Biggest concerns are about the economy
Households in the Netherlands are worried about the impact of the coronavirus outbreak on the economy, their own financial situation and that of financial institutions. Remarkably, on a 0-10 scale, they rate their concerns over the economy at 7.9, higher than those over their own finances, which they rate at 5.8. Low-income households evidently worry more about their own financial situation than those on higher incomes. Whereas persons working in public administration and healthcare report the fewest concerns, those working in sectors impacted by lockdown restrictions, such as in hospitality, and in culture, sports and recreation, express the largest concerns. Dutch households also expect the coronavirus outbreak to have repercussions on the financial position of banks, insurance firms and pension funds, but this worries them less than the impact of the virus on the Dutch economy overall.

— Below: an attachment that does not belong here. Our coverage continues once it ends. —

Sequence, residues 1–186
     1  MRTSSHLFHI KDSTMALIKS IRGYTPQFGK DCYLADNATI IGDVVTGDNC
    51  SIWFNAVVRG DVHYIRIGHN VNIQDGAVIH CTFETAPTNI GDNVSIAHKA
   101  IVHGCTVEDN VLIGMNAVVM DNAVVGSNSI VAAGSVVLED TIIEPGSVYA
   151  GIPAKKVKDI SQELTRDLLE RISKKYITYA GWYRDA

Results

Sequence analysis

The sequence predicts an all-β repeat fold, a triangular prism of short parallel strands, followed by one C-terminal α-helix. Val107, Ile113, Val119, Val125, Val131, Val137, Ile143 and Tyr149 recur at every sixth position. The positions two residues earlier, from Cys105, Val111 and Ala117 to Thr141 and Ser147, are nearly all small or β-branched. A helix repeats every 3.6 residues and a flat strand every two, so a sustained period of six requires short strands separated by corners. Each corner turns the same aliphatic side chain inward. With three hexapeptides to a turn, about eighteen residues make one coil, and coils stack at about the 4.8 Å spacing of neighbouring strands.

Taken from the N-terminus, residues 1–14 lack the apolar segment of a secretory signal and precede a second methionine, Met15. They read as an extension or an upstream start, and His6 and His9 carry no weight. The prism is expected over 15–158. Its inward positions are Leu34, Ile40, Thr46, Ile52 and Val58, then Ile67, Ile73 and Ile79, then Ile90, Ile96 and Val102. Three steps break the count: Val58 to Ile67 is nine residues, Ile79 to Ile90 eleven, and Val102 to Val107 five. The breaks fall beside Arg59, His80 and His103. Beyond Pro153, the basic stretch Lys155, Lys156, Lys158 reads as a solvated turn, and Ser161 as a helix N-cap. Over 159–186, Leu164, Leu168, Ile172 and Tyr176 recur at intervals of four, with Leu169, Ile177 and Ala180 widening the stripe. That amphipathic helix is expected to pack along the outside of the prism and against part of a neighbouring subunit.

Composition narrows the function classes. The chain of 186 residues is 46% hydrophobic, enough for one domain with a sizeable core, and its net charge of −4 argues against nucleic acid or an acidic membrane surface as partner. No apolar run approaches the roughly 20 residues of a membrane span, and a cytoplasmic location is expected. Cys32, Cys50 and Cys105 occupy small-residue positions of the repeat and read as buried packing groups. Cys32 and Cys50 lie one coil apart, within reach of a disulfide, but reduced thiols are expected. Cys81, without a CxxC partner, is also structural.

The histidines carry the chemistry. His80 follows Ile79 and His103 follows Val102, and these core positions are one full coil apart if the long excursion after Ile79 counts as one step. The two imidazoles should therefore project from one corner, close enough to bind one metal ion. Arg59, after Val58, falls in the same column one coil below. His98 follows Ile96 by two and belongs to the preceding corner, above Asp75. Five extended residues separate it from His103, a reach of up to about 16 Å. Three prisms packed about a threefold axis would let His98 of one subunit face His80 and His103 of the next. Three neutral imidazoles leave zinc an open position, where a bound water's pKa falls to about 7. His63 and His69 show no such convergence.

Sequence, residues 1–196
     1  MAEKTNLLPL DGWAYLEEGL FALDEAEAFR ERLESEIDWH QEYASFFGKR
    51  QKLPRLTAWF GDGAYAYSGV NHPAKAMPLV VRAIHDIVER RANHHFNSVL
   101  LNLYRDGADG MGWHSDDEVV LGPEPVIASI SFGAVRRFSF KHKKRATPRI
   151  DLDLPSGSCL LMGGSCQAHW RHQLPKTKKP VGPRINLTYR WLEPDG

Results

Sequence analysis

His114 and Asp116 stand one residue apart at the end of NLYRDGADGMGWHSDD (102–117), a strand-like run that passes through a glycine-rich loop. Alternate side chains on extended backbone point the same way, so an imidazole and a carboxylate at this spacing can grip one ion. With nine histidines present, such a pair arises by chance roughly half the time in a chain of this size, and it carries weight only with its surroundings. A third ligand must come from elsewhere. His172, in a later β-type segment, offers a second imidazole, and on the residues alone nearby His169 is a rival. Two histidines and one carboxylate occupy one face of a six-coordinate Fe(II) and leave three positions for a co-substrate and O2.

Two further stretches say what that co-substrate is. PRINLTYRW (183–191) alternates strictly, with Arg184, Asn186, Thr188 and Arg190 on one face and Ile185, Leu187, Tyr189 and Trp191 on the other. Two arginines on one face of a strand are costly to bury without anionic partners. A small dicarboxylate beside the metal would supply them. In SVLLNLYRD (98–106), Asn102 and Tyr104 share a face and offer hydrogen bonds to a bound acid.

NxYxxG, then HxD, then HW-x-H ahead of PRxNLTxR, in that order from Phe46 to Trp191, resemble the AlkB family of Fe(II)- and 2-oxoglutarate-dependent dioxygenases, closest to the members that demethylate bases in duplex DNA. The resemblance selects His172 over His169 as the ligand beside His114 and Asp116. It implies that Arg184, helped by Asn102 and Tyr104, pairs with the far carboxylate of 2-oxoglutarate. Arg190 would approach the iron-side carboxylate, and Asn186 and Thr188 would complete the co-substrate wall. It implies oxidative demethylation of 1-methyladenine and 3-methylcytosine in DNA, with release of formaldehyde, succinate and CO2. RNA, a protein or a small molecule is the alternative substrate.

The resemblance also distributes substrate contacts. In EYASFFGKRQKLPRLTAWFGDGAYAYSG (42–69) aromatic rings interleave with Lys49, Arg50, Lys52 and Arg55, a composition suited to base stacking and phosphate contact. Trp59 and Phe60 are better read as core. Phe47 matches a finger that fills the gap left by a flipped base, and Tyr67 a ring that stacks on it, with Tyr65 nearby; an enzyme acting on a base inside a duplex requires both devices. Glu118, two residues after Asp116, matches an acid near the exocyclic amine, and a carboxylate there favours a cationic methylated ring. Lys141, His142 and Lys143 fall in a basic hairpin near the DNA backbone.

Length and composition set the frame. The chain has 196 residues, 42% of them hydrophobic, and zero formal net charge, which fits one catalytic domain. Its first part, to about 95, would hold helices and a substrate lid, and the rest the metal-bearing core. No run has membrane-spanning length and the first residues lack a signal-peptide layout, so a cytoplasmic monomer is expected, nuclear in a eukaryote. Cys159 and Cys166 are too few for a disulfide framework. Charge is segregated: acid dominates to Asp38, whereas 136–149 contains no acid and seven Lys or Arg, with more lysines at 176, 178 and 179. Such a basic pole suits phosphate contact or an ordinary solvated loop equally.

Trust in financial institutions remains high
Trust in financial institutions remains high among Dutch households, compared to previous years (see Figure 1). Three-quarters of the respondents say they mostly or fully trust their own banks, a figure that shows no sign of waning compared with a year earlier. Trust was measured on the basis of the survey question “Are you currently confident that the bank or banks to which you have entrusted your money will at all times be able to repay that money in full?” The measures which banks have taken to confront the coronavirus crisis, such as deferring dividend distributions to shareholders and creating additional room for lending, have made positive contributions to trust. Trust in insurance firms and pension funds also remained at the level seen in 2019. Roughly two-thirds of the respondents say they are confident that insurance firms are able to meet their contractual commitments. Also, around two-thirds say they are confident their pension funds will be able to pay out their pension benefits.